Update: Blizzard Owns Your Software

As expected, the Ninth Circuit has declared link that Blizzard’s World of Warcraft (WoW) software licensees are just that — licensees, and not owners — because the WoW Terms of Use sufficiently restrict the transfer and use of the WoW software. MDY Industries, LLC v. Blizzard Entertainment et al., No. 09-15932 (9th Cir. December 14, 2010). This outcome was predictable, and consistent with the court’s decision in Vernor v. Autodesk, which outlined a three-part test for determining the owner/licensee status of a software user.

In Vernor, the court determined that Vernor’s sale of used copies of AutoCad was outside the scope of the AutoCad license agreement. Further, because it was Autodesk’s exclusive right to copy and distribute the AutoCad software, Vernor’s sale thereof constituted copyright infringement. The outcome was different in MDY Industries, however, and liability rested on a DMCA violation even though no copyrights were infringed. As explained previously, MDY created a software “bot” that enabled WoW users to play the game on “autopilot.” The court explained that, although the use of “bots” was prohibited by the WoW Terms of Use, it did not follow that operating outside of the scope of the license resulted in copyright infringement. For this to happen, the licensee’s action must (1) exceed the license’s scope, and (2) implicate one of the licensor’s exclusive statutory rights. In this case, the anti-bot provisions of the Terms of Use did not implicate copyright law. So, although “a Glider user violates the covenants with Blizzard,” it “does not thereby commit copyright infringement because Glider does not infringe any of Blizzard’s exclusive rights [such as alter or copy World of Warcraft software].” The court explained further:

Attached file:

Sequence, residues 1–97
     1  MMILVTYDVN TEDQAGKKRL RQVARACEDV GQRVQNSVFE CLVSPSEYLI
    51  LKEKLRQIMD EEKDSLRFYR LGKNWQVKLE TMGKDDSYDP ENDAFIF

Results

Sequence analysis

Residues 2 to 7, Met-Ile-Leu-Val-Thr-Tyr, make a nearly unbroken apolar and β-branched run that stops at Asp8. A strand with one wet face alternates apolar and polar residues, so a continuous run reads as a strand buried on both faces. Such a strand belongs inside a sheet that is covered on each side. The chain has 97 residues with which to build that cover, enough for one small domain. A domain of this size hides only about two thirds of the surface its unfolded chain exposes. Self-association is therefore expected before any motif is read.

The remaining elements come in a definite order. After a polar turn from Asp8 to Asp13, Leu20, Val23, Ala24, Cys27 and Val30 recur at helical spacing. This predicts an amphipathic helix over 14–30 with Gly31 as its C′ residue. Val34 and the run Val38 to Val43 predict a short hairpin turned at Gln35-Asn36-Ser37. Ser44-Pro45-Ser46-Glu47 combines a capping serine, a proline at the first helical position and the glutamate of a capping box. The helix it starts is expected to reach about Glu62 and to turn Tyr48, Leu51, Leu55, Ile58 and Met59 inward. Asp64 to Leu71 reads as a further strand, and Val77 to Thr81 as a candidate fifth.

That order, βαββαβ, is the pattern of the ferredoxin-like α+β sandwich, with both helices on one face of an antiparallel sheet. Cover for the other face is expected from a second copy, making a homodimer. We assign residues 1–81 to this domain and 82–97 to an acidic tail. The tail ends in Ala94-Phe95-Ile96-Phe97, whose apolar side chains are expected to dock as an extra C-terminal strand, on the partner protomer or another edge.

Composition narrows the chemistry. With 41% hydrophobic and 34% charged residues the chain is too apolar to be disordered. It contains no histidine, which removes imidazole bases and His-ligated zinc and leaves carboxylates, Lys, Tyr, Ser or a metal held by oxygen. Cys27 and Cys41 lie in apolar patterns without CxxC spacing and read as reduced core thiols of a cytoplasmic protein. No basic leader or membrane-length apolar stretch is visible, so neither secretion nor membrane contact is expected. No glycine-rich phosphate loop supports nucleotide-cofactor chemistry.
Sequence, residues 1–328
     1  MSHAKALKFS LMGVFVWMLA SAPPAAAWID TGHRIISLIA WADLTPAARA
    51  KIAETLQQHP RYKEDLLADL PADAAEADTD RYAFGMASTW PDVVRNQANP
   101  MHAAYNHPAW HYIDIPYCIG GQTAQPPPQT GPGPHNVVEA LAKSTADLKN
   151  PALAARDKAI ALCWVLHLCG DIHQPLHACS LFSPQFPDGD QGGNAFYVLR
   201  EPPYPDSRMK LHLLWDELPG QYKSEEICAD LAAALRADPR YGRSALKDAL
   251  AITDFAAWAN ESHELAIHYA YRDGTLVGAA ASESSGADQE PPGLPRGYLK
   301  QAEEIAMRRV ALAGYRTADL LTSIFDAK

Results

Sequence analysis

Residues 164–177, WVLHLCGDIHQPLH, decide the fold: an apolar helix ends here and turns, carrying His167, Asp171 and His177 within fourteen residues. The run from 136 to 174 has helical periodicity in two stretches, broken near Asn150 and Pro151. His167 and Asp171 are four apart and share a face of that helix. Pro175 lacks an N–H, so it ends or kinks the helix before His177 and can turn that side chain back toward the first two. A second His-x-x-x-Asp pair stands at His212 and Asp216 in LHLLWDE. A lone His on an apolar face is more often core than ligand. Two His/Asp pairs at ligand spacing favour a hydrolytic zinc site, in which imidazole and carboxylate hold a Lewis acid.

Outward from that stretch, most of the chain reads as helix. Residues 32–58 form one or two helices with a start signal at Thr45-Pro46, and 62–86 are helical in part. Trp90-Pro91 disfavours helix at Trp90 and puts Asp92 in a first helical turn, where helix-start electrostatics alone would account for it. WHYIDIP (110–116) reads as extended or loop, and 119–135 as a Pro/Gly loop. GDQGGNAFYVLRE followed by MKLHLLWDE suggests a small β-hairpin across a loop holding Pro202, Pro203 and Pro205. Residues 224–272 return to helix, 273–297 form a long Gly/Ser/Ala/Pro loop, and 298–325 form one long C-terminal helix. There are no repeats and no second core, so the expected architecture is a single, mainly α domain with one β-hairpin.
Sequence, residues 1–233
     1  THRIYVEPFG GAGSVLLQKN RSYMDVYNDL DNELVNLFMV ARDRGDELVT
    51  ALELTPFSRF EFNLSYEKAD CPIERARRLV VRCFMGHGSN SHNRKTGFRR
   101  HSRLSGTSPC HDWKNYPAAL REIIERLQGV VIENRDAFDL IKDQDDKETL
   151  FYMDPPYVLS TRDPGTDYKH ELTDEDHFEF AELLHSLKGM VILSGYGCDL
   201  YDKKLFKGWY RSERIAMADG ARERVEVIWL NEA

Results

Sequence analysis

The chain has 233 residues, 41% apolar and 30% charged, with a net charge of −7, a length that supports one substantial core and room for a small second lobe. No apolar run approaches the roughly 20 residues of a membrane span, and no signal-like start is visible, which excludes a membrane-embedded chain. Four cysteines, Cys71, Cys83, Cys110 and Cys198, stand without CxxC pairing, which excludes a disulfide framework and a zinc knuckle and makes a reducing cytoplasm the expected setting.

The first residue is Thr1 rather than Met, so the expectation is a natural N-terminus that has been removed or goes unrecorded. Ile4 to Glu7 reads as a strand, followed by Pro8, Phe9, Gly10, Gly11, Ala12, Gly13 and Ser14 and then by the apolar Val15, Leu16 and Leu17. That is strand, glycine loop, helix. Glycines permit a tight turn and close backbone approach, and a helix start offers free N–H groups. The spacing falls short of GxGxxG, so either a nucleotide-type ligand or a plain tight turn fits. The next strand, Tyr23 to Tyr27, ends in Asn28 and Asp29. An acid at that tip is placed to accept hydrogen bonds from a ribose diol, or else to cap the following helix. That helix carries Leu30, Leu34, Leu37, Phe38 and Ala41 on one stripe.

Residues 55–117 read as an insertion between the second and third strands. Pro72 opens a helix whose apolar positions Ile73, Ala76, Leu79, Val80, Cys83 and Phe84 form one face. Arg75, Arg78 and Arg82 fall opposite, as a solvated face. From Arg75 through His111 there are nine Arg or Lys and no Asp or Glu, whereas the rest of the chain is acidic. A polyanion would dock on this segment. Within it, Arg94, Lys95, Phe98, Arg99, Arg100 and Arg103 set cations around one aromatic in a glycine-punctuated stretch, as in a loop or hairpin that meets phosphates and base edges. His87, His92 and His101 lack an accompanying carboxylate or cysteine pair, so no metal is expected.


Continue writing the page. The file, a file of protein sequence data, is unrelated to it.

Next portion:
Were we to hold otherwise, Blizzard — or any software copyright holder — could designate any disfavored conduct during software use as copyright infringement, by purporting to condition the license on the player’s abstention from the disfavored conduct. The rationale would be that because the conduct occurs while the player’s computer is copying the software code into RAM in order for it to run, the violation is copyright infringement. This would allow software copyright owners far greater rights than Congress has generally conferred on copyright owners.

The MDY Industries decision is more notable, perhaps, for its treatment of the anti-circumvention provisions of the Digitial Millennium Copyright Act (DMCA), discussed in my subsequent post.

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